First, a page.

Tackling OCD From a Different Angle

Welcome to the Cutting Edge Cast From Russo’s Partners in New York.

Karen Chase: Constantly getting out of bed to check if the door is locked? Washing your hands again and again even when they're not dirty? Counting incessantly for no apparent reason? Negative terrifying runaway thoughts and fears that take over your mind and sometimes your actions?

These are some of the repetitive rituals and runaway emotions that people with obsessive-compulsive disorder (OCD) say they are powerless to stop.

Millions of people are affected by OCD - about 2% of the population. Yet traditional treatments targeting serotonin receptors in the brain, have left many patients untreated. 20-30% of people on these medications have reported problems. Saying they either don't work or cause side effects including weight gain and depression. Some have stopped taking them. But a potential new treatment in the pipeline could offer new hope.

BHV 4157 a drug candidate from Biohaven Pharmaceuticals takes a different approach and is now in Phase 2 testing at dozens of clinical sites across the country.

Dr. David Walling is the Principal Investigator of BHV 4157 at CNS in Garden Grove California, one of the dozens of sites.

Dr. Walling, tell us how scientists hope it will work and why it's different from traditional OCD treatments.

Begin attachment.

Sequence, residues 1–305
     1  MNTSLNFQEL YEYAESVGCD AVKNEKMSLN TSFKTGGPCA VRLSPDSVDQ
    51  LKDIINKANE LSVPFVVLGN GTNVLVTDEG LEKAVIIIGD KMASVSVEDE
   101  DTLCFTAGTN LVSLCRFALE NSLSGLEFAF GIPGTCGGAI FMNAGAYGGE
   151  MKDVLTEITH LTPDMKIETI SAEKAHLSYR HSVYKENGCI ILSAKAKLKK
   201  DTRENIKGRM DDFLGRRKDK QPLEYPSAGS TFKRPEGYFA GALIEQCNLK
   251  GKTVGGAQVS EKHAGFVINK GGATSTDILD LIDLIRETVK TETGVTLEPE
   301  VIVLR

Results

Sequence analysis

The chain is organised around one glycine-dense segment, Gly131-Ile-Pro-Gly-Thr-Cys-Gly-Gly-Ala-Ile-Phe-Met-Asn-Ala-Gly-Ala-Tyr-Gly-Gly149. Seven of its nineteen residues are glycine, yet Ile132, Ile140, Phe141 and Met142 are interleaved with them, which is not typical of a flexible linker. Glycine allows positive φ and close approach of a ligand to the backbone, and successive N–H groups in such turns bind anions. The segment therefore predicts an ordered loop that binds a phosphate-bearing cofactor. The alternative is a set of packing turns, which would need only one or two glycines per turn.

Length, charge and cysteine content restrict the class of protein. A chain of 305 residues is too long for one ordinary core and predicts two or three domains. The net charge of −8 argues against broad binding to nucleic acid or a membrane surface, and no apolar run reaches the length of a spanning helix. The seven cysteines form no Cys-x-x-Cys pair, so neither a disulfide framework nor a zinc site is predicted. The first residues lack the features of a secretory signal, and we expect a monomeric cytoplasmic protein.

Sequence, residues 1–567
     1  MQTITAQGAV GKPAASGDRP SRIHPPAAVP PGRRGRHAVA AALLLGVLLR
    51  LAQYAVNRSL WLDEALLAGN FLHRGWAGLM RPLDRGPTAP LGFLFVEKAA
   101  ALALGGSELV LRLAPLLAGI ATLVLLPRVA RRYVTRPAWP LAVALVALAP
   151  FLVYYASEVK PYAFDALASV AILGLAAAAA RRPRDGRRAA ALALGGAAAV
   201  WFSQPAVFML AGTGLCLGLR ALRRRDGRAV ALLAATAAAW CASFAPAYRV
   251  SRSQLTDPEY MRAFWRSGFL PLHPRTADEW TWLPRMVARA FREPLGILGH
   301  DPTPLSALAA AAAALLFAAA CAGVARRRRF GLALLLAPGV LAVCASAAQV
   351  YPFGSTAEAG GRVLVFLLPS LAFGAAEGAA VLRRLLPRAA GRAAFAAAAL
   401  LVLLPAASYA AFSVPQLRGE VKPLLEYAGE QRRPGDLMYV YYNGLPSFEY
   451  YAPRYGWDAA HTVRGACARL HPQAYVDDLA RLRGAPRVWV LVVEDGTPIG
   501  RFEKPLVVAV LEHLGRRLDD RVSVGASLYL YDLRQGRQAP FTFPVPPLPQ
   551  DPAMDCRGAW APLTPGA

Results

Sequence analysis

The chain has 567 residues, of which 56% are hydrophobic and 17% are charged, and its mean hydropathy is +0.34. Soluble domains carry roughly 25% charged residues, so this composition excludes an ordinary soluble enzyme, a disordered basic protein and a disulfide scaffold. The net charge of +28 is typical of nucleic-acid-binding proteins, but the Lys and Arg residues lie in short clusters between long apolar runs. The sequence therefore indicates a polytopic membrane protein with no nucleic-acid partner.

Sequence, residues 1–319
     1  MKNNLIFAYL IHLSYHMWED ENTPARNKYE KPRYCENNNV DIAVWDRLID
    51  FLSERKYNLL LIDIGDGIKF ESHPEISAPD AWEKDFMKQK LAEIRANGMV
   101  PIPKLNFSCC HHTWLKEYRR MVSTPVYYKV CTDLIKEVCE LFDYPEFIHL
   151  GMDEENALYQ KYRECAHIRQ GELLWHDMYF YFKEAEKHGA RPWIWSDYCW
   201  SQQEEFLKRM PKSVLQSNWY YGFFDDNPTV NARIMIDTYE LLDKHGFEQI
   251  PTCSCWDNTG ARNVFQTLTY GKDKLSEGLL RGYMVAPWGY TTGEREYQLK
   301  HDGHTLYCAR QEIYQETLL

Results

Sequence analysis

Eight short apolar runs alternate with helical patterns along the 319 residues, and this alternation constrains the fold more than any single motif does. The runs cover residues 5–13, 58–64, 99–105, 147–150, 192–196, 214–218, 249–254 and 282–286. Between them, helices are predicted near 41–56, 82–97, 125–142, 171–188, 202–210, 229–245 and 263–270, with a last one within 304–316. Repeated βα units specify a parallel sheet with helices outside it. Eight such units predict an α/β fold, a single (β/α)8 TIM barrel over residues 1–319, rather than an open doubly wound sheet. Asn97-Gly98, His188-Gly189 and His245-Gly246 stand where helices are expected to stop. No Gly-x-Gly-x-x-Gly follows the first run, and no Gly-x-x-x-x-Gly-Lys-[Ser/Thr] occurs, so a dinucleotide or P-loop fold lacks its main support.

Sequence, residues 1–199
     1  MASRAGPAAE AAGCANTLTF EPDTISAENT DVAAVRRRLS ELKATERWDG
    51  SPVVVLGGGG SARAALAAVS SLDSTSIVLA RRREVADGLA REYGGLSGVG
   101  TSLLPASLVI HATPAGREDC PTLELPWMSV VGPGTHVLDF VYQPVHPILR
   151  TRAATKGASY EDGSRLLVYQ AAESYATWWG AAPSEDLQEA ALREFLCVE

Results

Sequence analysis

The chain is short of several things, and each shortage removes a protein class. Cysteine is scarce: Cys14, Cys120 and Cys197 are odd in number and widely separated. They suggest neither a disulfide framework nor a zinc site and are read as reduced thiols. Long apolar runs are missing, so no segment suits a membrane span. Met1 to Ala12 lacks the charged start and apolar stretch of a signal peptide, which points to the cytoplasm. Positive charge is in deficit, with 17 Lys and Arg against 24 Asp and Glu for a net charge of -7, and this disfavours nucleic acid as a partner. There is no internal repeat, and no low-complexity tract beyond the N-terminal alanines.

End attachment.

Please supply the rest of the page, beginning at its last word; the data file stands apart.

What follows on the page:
Dr. Walling: The Biohaven 4157 is a medication that's currently in development for obsessive-compulsive disorder. But different from other treatments for obsessive-compulsive disorder, this one works on what's called the glutamate system. So other treatments work on the serotonin system so a lot of times what's used for the treatment of OCD (obsessive-compulsive disorder) is a serotonin selective reuptake inhibitor or one of the antidepressants. But this one actually works on the glutamate system which is a completely different system in the brain. It's probably the major excitatory neurotransmitter in the brain, so dysfunction of this system is thought to contribute to lots of different disorders - anxiety disorders, OCD, potentially depression. And so that's the reason that I think the team is really excited about this medication. It offers the possibility of a completely new treatment for obsessive-compulsive disorder.

Karen Chase: Dr. welling how effective our current traditional treatments, how do patients feel about them?

Dr. Walling: So most of the currently approved medications to treat the obsessive-compulsive disorder are antidepressants. They work upon the serotonin system in the brain, and while for many individuals these may be effective drugs, what happens with these antidepressants is, we oftentimes have to use higher doses than we would use in the depression population in order to treat OCD. So we get up to these higher doses and what happens is individuals start to get side effects. And those side effects for some patients can really be intolerable. They can include things such as weight gain, nightmares, sexual side effects, all different types of things that people may not want to deal with, and so because of that we're always looking for new medications that can be used to treat OCD.